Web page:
As I have done the last few years, here is my review of the 2015 science-fiction films I managed to catch up with last year. Compared to 2014, last year was a huge letdown for science fiction. In 2014, there was the wonder of Interstellar, the cleverness of Predestination and the action packed thrills of Edge of Tomorrow. All of them are better films than anything released in 2015, except for perhaps the one that topped my list.
2015 was the year of the sequel, only one of them was good, Star Wars: The Force Awakens. To my surprise, a tear nearly crept into my eye when the Star War’s logo hit the screen to the fanfare of the original music. But gee, wasn’t the film derivative of the first film and thus very predictable. I knew what was going to happen as soon as Hans Solo stepped onto that bridge. Still, with all its similarities to the first film, I found if fun to watch.
Of the other sequels, Jurassic World was okay, because all I was expecting was dinosaurs chasing stupid people, and this is what I got.
I went and saw Mad Max: Fury Road primarily because it was sought of Australian made, and I hoped it would return to the world building and character development of the original. I never thought much of the second and third movies. I am not much into car chases, especially when they are all computer generated and look so fake. My main memory from the movie is wondering how eleven or was it twelve people fitted onto five motorcycles, especially when Max and his saviour got bikes of their own. I really could not have cared less whether Max or anyone in the truck survived, as what was the point of them surviving? In 2014, Australia made four science fiction movies – Predestination, Infinite Man, The Rover and These Final hours - that were, in my opinion, much more original and therefore much more interesting, and fun to watch than Fury Road.
The last sequel was Terminator Genisys, a film that I struggle to remember. It was a pathetic attempt to wring more money out of the franchise.
For most of last year, Chappie was easily the worst movie of the year. It was a childish story with childish acting. The story was suitable only for tweens, but then they swore a bit and had a bit of violence to give it a MA rating. So its director Neill Blomkamp has now made an all-time classic in District 9, an okay film in Elysium, and a turkey in Chappie.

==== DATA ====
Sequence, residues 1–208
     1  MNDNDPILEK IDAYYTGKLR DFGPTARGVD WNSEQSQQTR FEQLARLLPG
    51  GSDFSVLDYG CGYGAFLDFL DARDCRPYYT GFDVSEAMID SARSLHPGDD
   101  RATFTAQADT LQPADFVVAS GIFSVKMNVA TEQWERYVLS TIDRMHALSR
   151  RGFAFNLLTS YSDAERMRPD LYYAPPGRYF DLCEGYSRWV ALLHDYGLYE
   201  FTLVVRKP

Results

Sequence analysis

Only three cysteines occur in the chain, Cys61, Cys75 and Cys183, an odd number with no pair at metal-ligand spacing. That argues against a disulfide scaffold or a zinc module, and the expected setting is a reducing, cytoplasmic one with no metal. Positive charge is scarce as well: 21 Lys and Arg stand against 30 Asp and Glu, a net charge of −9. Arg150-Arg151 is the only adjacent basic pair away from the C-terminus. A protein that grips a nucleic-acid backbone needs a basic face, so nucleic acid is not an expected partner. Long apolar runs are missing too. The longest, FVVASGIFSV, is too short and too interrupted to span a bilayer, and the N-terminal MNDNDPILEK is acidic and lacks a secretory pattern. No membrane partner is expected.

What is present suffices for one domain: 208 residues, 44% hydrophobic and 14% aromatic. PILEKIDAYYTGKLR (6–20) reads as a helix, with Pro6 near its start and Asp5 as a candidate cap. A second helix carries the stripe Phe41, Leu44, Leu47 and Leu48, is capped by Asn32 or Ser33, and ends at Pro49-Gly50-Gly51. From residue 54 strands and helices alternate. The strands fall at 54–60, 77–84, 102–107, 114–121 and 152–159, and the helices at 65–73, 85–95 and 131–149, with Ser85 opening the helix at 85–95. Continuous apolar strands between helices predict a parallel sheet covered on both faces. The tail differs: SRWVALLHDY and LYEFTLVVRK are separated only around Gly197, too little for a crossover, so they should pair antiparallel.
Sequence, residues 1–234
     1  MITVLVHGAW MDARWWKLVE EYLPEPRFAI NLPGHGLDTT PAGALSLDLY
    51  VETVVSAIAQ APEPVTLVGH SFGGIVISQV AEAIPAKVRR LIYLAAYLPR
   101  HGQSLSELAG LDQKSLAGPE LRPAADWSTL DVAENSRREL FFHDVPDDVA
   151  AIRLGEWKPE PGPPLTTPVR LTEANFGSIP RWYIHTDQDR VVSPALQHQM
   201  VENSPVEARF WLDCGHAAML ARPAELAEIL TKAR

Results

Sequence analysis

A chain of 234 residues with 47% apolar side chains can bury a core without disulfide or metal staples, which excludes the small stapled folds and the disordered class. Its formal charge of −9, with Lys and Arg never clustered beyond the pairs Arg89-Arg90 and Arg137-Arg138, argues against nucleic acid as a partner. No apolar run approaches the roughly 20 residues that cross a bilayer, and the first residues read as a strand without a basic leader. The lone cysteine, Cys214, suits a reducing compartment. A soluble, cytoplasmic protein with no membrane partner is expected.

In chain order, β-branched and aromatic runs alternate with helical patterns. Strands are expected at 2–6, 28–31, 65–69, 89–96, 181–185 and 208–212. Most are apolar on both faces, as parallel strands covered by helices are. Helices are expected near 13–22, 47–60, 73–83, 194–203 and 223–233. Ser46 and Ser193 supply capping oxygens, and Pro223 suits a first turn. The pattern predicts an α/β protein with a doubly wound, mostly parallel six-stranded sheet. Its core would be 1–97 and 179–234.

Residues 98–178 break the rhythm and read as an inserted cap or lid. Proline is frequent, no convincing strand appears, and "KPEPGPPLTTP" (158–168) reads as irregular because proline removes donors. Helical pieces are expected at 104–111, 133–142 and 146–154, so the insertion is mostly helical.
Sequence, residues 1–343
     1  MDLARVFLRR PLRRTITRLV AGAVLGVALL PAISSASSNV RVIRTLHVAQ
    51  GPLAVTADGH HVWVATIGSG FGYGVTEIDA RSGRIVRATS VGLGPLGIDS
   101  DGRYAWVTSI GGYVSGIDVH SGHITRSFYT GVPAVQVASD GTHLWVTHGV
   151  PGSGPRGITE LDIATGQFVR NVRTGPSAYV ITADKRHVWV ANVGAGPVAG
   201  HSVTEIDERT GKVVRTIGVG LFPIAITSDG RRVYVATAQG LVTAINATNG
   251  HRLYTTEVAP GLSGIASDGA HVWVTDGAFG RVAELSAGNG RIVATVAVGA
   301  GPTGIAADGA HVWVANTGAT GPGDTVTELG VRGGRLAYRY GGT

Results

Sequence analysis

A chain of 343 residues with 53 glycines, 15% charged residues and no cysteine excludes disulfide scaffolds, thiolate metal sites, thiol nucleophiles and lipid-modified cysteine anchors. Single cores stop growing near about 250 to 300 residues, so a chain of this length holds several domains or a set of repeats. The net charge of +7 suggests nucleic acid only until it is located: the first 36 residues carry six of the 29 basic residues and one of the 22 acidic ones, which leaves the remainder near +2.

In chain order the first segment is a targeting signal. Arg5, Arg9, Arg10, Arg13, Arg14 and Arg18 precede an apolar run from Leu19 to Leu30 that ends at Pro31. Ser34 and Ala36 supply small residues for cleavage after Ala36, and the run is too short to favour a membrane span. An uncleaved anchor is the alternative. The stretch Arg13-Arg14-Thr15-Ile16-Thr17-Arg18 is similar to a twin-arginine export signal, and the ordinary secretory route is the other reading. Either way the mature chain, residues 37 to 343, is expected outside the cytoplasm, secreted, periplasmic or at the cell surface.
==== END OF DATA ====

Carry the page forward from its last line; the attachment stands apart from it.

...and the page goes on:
But near the end of the year, I finally watched the CGI mess Jupiter Ascending. A film that hoped its many unconvincing CGI battles would distract the viewer from the stupid plot, stupid ending, and cartoonish acting of Eddie Redmayne.
I thought there were two stand-out films for the year. The Martian was what I have been wanting from science fiction, a story of survival and discovery. But it was a bit predictable. To up the ante, I just knew that something was going to happen to his potato crops, and I knew the crew of the ship would turn back as soon as they found out about his survival. But to watch an astronaut use science to survive was engrossing.
Just before the end of the year, I finally saw Ex Machina. I had been really looking forward to seeing it, but the local cinema did not put it on. It’s about a computer programmer who wins a prize to go to an out of the way laboratory to test an AI to see if it is sentient. At one stage during the film I started to wonder if the guy doing the testing was an AI himself, which the film did a great job of answering. The ending surprised. It was definitely not a predictable film. And there was not an explosion or laser pistol or alien in sight. It’s a thoughtful film. The type of film I would like to see more often. It was my pick of the best science-fiction films of the year.
This is how I rank what I saw last year:
1. Ex Machina
2. The Martian
3. Star Wars: The Force Awakens
4. Jurassic World
6. Project Almanac
9. Mad Max: Fury Road
10 Terminator Genisys
12. Jupiter Ascending
The first three are must sees.